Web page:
Is "Young Goodman Brown" a negative and /or positive critique of Puritanism?

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timbrady's profile pic

timbrady | College Teacher | (Level 1) Educator

Posted on

I don't think the story is about Puritanism; it's a coming of age story for a young man who, despite being supported and sheltered by his "faith/Faith" for years, must journey into the world of imperfection/sin.  After all, we are never sure that anything in the story happened, other than the fact that he entered the forest one evening and work up there in the morning.  The story is about how he reacts to what he thinks he knows about the people of his village.  He finds out that they are not as perfect as he always thought they were (or so it seems IF it weren't all a dream), and is destroyed by their failure to live up to his ideal of them.    

I think Brown would have been destroyed by this "knowledge" in a Puritan society or any society.  

 "The enemy of the good is the perfect."

teacherscribe's profile pic

teacherscribe | High School Teacher | (Level 2) Associate Educator

Posted on

"Young Goodman Brown" casts the Puritan society in a negative light.  This is best seen in Hawthorne's critique of hypocrisy evident in Salem.  While the Puritans were incredibly hard working and resilient, they were deeply religious and viewed people as either elect (destined for heaven) or damned (destined for hell).  It appears that there was little one could do to move from one category to the other.  This, of course, would naturally lead to a great division in society.  Those who were elect would naturally view themselves as superior to those who were damned.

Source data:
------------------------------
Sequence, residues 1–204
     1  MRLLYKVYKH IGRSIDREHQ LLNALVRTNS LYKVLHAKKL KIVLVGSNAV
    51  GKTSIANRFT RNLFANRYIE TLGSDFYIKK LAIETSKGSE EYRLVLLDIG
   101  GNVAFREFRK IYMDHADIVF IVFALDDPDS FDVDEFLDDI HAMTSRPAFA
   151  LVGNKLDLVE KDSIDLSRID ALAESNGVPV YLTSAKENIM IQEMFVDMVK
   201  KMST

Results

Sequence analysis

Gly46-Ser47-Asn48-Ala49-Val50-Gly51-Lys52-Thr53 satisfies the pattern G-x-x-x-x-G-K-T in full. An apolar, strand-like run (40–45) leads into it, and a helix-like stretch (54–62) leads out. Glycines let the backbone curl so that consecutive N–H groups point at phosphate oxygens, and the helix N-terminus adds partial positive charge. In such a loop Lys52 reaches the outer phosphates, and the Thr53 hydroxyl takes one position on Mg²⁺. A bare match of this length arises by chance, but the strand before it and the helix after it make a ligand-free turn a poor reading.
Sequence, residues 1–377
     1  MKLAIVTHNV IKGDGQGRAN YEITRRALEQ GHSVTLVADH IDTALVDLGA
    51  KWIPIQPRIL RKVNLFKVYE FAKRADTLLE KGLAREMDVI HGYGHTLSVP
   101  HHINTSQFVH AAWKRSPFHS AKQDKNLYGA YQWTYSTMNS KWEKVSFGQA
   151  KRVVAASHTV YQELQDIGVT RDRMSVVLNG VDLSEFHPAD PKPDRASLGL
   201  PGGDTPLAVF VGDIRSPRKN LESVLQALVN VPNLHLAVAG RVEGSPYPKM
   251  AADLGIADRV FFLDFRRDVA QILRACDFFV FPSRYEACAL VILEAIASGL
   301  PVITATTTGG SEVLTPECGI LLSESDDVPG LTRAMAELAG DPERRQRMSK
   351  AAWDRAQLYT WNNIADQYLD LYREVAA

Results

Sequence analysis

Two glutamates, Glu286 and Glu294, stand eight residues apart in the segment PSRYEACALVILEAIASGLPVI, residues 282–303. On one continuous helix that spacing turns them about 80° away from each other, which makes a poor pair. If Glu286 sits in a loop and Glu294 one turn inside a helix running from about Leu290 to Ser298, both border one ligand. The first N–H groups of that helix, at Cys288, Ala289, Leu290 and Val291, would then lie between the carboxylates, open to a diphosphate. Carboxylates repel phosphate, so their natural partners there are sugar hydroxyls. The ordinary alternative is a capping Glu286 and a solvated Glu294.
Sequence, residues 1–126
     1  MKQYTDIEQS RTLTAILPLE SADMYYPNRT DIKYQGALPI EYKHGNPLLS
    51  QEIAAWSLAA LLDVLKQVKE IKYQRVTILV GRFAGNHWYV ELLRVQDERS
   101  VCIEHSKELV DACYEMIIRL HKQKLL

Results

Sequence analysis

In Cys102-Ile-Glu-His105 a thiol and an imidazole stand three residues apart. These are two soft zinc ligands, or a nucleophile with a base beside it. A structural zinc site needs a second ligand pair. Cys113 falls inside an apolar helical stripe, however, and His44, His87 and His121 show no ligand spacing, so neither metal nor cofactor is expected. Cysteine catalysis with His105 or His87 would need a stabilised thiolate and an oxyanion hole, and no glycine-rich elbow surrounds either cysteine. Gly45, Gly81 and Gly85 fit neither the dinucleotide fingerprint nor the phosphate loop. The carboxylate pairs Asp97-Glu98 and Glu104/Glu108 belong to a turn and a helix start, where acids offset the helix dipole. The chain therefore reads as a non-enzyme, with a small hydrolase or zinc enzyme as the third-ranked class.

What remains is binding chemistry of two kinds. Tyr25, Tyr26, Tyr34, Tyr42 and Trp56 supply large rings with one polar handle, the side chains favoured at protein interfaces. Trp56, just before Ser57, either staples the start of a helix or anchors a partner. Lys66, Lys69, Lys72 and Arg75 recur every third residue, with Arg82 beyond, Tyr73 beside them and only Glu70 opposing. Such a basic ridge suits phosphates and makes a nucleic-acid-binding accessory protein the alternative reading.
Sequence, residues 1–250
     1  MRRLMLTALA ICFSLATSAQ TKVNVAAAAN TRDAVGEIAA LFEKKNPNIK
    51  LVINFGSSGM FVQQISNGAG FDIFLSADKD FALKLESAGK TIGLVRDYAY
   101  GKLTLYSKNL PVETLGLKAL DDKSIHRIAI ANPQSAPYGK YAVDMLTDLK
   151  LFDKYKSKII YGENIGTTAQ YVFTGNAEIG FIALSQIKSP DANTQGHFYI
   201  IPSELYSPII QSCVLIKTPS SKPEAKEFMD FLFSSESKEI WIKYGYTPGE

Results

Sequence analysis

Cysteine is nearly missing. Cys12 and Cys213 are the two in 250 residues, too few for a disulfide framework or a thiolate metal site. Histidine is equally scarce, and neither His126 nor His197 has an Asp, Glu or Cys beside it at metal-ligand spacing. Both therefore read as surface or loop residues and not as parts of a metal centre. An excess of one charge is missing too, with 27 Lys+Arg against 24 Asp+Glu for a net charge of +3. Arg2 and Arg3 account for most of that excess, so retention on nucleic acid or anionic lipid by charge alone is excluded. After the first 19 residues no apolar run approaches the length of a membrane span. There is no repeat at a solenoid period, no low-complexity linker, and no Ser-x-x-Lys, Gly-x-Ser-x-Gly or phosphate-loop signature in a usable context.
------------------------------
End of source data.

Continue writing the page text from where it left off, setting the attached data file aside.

Hawthorne criticizes this because it is ripe for hypocrisy.  Notice how Brown views himself as elect, yet he allows the devil to lure him deeper and deeper into the forest.  In fact, when he realizes Faith is in the woods, Brown becomes so enraged that he becomes the most frightening thing in the entire woods - including the devil and the black mass! 

Notice too how the devil tells Brown those around him - and even his ancestors - were not as pious as he thought.  He realizes prominent members of his own church are devil worshippers.  He realizes his father and grandfather also knew the devil and received his help.

It seems that Hawthorne, who had an ancestor who served as a judge on the infamous Salem witch trials, criticizes the Puritans for neglecting to realize that all humans are susceptible to sin, not exempt from it.

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